Dental Care

Dry Socket Treatment - Options and Relief

Dry socket treatment, also known as treatment for alveolar osteitis, is sometimes needed when a specific complication occurs after a tooth extraction.

It happens when you lose the blood clot that formed in the place where your tooth was pulled.

This can happen for a variety of reasons, some of which you can control and others you cannot. But it’s likely that your jawbone and nerve endings are just lying there, exposed to the air and to everything you put in your mouth.

We have already discussed factors that make you more susceptible to developing this painful condition. You will also find information on all the symptoms that people typically experience relative to a dry socket.

Now we’ll talk about dry socket treatment, what you can actually do in order to treat it successfully.

If you’re reading this prior to your extraction, you’ll be glad to learn that dry socket occurs in only about 5% of all extractions. The chances are great that you will have your tooth pulled and move through a speedy, uneventful recovery.

If, however, you are already experiencing painful symptoms, the first thing to know is that there is really no “cure” for dry socket.

All you can do is seek dry socket treatment that is palliative and supportive -that is, treatment that will simply make you feel better until the condition passes. Dry socket generally must run its course.

Nothing you can do will speed it up. What has happened is that the socket where your tooth once was has been disrupted in the midst of the healing process. Now you have to wait for your body to replace the healing tissues that were lost and move toward recovery.

If your first instinct is to reach for a bottle of pain reliever tablets, hold on! They really won’t help much at first. The pain of dry socket has been characterized as intense and throbbing.

Don’t waste time or make yourself feel worse by taking so many acetaminophen or ibuprofen that you make yourself sicker.

Instead, your most immediate action should be to call your dentist. Don’t waste time debating whether to call, and don’t dwell on guilt if you’ve been careless about caring for your mouth. Your dentist knows that dry socket develops unpredictably.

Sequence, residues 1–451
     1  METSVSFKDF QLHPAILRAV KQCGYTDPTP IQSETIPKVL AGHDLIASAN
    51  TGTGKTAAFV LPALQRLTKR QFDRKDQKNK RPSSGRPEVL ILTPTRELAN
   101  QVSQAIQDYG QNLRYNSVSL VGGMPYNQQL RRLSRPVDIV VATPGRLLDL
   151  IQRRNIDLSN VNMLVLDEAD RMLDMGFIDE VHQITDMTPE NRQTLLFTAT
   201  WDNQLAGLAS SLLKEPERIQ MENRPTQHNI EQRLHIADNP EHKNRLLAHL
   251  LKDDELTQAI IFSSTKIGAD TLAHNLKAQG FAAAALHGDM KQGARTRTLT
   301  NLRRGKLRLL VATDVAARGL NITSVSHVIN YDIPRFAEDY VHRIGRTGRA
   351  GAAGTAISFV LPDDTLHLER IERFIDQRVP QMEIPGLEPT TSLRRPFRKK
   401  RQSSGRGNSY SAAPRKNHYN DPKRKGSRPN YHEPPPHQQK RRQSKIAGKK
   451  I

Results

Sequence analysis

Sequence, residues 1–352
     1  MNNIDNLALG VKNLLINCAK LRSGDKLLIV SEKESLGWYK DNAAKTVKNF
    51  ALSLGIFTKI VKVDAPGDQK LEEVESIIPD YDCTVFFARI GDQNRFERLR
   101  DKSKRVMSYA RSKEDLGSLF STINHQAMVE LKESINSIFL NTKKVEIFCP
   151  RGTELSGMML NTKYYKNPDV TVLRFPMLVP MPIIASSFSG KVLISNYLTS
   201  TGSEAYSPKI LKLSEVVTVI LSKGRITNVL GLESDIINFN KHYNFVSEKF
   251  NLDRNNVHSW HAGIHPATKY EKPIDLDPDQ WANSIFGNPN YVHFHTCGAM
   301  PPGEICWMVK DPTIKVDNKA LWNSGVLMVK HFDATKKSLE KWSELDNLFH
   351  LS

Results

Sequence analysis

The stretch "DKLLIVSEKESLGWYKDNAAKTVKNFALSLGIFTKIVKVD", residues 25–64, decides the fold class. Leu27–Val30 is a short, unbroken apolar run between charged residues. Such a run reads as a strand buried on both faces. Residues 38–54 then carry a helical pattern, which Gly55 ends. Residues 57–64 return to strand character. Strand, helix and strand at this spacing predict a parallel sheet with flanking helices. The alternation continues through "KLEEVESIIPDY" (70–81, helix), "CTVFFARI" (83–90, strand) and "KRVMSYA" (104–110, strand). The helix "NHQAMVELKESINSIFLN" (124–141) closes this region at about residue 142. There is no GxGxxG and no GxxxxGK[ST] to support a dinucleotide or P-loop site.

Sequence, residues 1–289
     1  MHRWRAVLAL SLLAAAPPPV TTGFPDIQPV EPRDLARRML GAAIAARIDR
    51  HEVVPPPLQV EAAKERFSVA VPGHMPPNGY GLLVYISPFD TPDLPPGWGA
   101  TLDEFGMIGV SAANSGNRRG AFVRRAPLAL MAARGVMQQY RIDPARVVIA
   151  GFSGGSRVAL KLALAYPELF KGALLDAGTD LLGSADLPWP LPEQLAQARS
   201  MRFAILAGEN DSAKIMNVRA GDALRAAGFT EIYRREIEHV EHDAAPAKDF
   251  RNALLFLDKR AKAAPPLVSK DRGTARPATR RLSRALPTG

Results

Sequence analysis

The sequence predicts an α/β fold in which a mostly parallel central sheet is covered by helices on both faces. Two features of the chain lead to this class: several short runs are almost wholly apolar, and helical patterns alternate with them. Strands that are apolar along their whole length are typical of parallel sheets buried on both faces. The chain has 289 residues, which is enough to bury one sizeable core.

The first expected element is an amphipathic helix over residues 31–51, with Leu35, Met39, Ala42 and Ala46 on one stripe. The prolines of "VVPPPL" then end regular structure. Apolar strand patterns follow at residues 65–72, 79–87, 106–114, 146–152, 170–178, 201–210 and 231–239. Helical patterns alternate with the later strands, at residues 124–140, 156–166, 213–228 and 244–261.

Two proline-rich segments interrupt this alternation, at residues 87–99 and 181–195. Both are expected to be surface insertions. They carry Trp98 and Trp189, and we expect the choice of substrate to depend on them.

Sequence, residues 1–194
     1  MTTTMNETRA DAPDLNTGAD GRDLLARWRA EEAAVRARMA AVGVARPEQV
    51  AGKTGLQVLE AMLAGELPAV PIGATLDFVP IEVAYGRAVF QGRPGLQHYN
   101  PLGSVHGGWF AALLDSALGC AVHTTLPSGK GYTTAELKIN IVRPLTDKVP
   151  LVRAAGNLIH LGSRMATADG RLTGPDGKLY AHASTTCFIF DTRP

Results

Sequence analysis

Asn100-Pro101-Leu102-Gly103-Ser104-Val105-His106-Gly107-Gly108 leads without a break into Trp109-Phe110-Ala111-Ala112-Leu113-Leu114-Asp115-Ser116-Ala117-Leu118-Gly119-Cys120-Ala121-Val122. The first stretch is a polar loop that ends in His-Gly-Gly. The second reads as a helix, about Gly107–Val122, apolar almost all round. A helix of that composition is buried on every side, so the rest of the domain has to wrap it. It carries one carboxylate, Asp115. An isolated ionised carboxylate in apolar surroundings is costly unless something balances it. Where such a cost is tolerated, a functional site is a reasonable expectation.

Once you’re sitting in his chair, what will he do? He can examine the dry socket and confirm it, and then he will rinse out the empty socket. This is a very important step to turning down the pain level, because debris quickly accumulates in the socket—as it does in any space within your mouth—and you need to have it removed. Whether it’s germ-laden saliva or bits of food, it will help immensely when your dentist cleans out the socket.

Next, he will pack it with gauze that’s treated either with eugenol or with a topical anesthetic fluid such as benzocaine. Eugenol is an oily substance extracted from cloves and other spices, and it has a soothing, numbing quality to the exposed nerves. It’s not as strong and is more suitable for use than plain oil of cloves. As bad as your socket hurts, expect relief within the hour -some say within minutes- of your dentist packing it.

Expect to return to the dentist’s office again to have it repacked within 24-48 hours. You’ll need to do this for up to a week in order to keep the pain under control while your body regains control of the healing process.

Use care to maintain the packing in place between dental office visits. Ask your dentist for advice on keeping the dressing in place. Much of your success will depend, of course, on your ability to follow your doctor’s aftercare instructions and avoid foods and beverages as he advises.

Once you’ve been to the dentist and had the socket rinsed out and dressed, your therapy with an anti-inflammatory non-steroidal pain medication such as ibuprofen will be much more successful. Buy some extra-strength tablets and take them as often as directed. They will help not only with your pain but also with reduction of inflammation in your gum tissues.

Dry Socket Treatment - Further Down The Road

Some people complain of persistent or sudden flair-ups of pain even after the first week has passed. You can continue to call your dentist, or check with your local pharmacist for home treatment remedies that contain eugenol.

We don’t advise you to do this, however, unless your dentist has checked your socket and rinsed it thoroughly. The last thing you want is a bone infection that skyrockets out of control!

Just give it patience, and keep your dentist informed of your dry socket treatment and recovery progress.


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